When Kyle speaks to middle-school students and church groups about his opioid addiction, he says, his audience expects a guy with ripped jeans and tattoos — “total grunge.” So, they’re pretty surprised when he shows up in a three-piece suit, carrying a briefcase.
“I look like a funeral director,” says Kyle, 53, an Ideal Option patient.
“Some of them can’t believe this guy in front of them was snorting heroin just a short time ago.”
Kyle, an accomplished car salesman with a wife and two sons, can’t quite believe it, either.
Even into his thirties, he had no history of drug or alcohol use, let alone addiction. He’s never liked the taste of alcohol and still hasn’t tried marijuana. “I’d have a little chewing tobacco when I’d go duck hunting or fishing,” he says. “That’s all.”
Kyle enjoyed his family life — gopher hunting with his boys, miniature golfing and out to the movies with his wife.
But everything changed when Kyle developed peripheral neuropathy, a diabetes-related condition that triggered piercing leg pain and forced him to quit his job at a Ford dealership.
A doctor prescribed him oxycodone.
Kyle felt so much better he went back to car sales, this time at a Chevrolet dealership. At first, he took pills before work and on his coffee break but managed to abstain for most of the workday.
“I never wanted to take a family for a test drive of a Suburban while high as a kite,” he says.
Still, he had one thing in mind all day: I can’t wait to get home and take my pills.
Before long, he was popping pills from 5 p.m. until midnight, blowing through a month’s prescription in 10 days
“I’d grab a chair and a bottle of Mountain Dew and nod out in front of the TV, like I was on vacation,” Kyle recalls.
When his prescription ran out, he bought pain pills on the street. Soon he was spending one-third of his paycheck on drugs and burning through his savings.
To save money, he turned to heroin, snorting it in the bathroom at work.
“You try that stuff one time, and I don’t care who you are, you think: That was phenomenal. I’ve got to do that one more time. You can’t explain it.”
From that point on, Kyle’s happiness at work was directly related to the quality of his heroin.
“I had my little Altoid container with a chunk of heroin, and a little straw. If I was having a good day sales-wise, I wouldn’t think that much about it. But when I had a down day, you could just as well tape the straw to your nose.”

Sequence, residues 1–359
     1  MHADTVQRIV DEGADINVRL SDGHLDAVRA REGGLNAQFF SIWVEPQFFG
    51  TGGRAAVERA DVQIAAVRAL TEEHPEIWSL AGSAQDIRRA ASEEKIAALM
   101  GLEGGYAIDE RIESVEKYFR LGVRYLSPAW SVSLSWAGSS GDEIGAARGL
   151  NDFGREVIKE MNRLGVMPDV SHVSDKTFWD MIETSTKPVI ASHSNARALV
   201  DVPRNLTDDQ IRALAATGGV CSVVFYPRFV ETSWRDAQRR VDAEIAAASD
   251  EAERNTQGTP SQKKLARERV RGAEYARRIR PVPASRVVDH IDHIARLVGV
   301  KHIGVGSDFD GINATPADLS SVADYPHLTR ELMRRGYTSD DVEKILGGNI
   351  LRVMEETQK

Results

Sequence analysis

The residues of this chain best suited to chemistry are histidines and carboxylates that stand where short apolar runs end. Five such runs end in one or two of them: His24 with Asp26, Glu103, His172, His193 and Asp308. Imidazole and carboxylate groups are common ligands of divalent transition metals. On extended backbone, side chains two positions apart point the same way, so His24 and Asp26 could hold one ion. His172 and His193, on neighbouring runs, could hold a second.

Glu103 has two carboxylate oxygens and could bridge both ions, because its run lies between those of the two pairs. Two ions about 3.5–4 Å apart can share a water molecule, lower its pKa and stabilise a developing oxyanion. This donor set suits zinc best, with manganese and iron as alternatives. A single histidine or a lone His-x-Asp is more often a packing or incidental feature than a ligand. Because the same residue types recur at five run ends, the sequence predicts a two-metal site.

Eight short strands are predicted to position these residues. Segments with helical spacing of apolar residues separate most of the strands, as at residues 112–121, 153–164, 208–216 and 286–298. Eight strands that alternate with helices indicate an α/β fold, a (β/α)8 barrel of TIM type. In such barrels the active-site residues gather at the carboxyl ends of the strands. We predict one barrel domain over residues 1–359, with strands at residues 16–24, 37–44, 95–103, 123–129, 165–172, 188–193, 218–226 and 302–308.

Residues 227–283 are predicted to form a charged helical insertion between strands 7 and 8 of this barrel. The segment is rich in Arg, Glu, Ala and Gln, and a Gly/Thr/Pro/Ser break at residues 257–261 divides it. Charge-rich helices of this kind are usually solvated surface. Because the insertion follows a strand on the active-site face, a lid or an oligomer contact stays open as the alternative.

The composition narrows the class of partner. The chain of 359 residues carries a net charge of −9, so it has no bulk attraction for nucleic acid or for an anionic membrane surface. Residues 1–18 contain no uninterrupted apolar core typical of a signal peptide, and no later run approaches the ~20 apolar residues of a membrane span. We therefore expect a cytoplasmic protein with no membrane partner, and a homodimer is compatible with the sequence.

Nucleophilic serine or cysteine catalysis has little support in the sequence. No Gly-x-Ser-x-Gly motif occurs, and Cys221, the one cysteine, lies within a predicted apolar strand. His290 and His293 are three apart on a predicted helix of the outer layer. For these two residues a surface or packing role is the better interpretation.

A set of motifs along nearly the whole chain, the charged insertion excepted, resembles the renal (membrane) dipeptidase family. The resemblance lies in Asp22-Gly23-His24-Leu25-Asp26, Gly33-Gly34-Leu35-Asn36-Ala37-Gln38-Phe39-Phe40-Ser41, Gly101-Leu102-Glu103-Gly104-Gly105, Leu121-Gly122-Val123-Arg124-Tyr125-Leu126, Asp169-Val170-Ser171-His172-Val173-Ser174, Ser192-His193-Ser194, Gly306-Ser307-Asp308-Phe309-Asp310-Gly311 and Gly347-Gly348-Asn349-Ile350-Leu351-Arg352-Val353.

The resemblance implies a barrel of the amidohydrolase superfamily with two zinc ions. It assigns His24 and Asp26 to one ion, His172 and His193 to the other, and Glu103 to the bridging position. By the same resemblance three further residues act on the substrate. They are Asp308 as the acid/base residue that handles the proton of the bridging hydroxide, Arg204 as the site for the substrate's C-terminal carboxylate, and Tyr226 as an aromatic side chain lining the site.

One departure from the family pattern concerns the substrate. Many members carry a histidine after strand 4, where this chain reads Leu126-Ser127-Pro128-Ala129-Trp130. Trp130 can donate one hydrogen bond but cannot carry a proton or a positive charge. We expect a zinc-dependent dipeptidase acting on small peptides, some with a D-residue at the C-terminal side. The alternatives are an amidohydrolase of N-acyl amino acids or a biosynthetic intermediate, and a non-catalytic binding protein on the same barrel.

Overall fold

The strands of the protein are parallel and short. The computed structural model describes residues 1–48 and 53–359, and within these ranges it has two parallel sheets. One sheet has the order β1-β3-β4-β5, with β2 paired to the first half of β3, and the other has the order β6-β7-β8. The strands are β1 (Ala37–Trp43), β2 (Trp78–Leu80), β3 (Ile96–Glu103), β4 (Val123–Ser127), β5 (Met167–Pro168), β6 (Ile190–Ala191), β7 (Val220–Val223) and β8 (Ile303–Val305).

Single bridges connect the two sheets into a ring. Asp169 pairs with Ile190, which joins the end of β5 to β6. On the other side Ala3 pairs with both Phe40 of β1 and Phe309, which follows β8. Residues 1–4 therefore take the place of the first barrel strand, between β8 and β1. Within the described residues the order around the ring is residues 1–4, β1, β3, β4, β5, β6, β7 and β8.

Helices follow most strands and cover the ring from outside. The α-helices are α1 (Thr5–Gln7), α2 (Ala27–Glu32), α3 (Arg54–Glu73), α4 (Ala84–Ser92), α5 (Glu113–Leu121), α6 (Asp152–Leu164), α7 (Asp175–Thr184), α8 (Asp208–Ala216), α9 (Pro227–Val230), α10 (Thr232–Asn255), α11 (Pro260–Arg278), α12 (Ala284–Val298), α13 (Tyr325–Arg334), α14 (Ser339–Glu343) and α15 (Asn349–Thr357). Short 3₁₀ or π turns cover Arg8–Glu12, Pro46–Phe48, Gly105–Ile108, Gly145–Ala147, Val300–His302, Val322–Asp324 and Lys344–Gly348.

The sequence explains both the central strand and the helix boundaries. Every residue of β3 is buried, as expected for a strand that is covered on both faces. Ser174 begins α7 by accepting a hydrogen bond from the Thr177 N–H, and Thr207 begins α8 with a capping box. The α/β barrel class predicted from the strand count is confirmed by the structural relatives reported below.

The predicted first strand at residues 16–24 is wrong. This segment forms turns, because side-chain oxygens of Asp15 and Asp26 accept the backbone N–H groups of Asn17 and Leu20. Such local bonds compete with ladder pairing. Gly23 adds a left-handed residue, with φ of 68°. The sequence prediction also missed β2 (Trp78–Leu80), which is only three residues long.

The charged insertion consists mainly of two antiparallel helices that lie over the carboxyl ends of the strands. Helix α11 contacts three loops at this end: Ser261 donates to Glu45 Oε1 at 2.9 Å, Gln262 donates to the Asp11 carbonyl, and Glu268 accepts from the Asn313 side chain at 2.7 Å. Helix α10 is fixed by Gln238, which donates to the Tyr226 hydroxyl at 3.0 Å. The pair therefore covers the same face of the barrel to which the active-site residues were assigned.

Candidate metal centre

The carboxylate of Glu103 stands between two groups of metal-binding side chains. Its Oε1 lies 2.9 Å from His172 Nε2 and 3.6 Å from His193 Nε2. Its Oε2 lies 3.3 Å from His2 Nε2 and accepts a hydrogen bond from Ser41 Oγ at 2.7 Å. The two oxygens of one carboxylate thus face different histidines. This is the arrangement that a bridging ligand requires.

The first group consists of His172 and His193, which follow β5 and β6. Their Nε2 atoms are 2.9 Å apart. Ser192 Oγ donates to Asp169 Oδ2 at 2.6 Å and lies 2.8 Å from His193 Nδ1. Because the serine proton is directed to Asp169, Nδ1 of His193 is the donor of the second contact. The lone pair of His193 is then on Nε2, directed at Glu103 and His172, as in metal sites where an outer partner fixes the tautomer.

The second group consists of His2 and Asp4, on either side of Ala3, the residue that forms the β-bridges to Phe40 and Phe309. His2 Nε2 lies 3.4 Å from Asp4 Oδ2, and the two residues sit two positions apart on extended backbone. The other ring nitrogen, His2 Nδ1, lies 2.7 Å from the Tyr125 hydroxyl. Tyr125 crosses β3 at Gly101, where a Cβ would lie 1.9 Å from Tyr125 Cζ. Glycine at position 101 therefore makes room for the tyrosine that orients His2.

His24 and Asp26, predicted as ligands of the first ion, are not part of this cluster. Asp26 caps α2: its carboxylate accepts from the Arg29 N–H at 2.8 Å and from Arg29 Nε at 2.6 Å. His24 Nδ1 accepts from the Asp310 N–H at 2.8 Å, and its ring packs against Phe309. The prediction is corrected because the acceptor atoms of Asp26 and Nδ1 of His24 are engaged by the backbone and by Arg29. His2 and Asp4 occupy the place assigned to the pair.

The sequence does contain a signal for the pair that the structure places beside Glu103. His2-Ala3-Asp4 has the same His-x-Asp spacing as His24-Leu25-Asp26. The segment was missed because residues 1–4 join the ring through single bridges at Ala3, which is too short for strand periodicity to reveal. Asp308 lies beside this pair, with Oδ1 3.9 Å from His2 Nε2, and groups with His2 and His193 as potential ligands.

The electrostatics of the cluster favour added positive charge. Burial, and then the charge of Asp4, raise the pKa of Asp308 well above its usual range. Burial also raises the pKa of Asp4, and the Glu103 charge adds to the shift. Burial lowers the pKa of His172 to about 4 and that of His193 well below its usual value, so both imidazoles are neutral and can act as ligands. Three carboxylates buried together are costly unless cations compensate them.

His home life deteriorated.
“My boys resented me because I didn’t want to do anything. We used to go fishing and camping. Now I was passed out in the recliner. I was the world’s worst father.”
By Kyle’s account, he wasn’t much of a husband, either.
A trained chef, he’d always done most of the cooking. “I’d always whip something up, like garlic crème sauces with red wine and a little bit of basil and rosemary.”
Not only did he stop cooking, but he also stopped eating.
“Heroin lasted longer on an empty stomach,” he says. “A bag of chips, a Mountain Dew, and a snort of heroin, and I was good.”
Six-foot-one and a solid 220 pounds since his football days, Kyle dropped to 150 pounds. He has a photo from that time that he pulls out every once in a while as a reminder.
“I look like a dead guy — pasty white, with my cheeks all sucked in and my clothes hanging off.”
For years, Kyle figured no one knew about his addiction. In fact, all his loved ones had caught on.
Kyle’s reckoning came one morning at 8 o’clock, when the boys were at school and Kyle, enjoying his day off from work, was slumped in his recliner watching Westerns on TV
“I was happier than anything,” he recalls. “I knew I had all day to be high.”
There was a knock at the door, and his wife answered. In walked “everybody” — 22 of his relatives and friends, including his pastor. The intervention had been organized by his wife and sisters.
They told him: You’re going to inpatient treatment on Monday, and hospital detox until then.
“I want my husband back,” his wife told him.
At first, Kyle recalls, “I was a little pissy.” But he quickly agreed to the plan. “It was like: You know what? I’m ready to get my life back.”
At the treatment center, he was prescribed Suboxone. In less than an hour, he felt hopeful.
“I couldn’t believe how well it worked,” he says. “I thought: I can make it on this. This is OK. I felt human again.”
For the first time in years, he didn’t crave drugs.
At the treatment center, he learned wasn’t alone in his predicament. “I realized there were so many people with my problem. With some of the people, it was like looking in a mirror.”
After 30 days, he returned home, continuing with outpatient treatment and 12-step meetings.
He repaired his relationship with wife and sons. They all started having fun together again, sampling the new food trucks in town, fishing for walleye on weekends.
“My wife was rock solid,” Kyle says. “She’s the biggest reason I’m here today — because she stuck with me.”
Kyle started cooking again, too. “The other day we had cajun shrimp linguini with cream garlic sauce and asparagus.”
In recovery for 7 years now, Kyle feels confident he’ll never go back to using. He accepts every opportunity to talk to students about his addiction, wearing his “funeral director” suit.
“I want people to know this could happen to anyone,” he says. “But the most important thing is for people to know they have a support system. I was scared, and I didn’t think I had one, but everyone does.”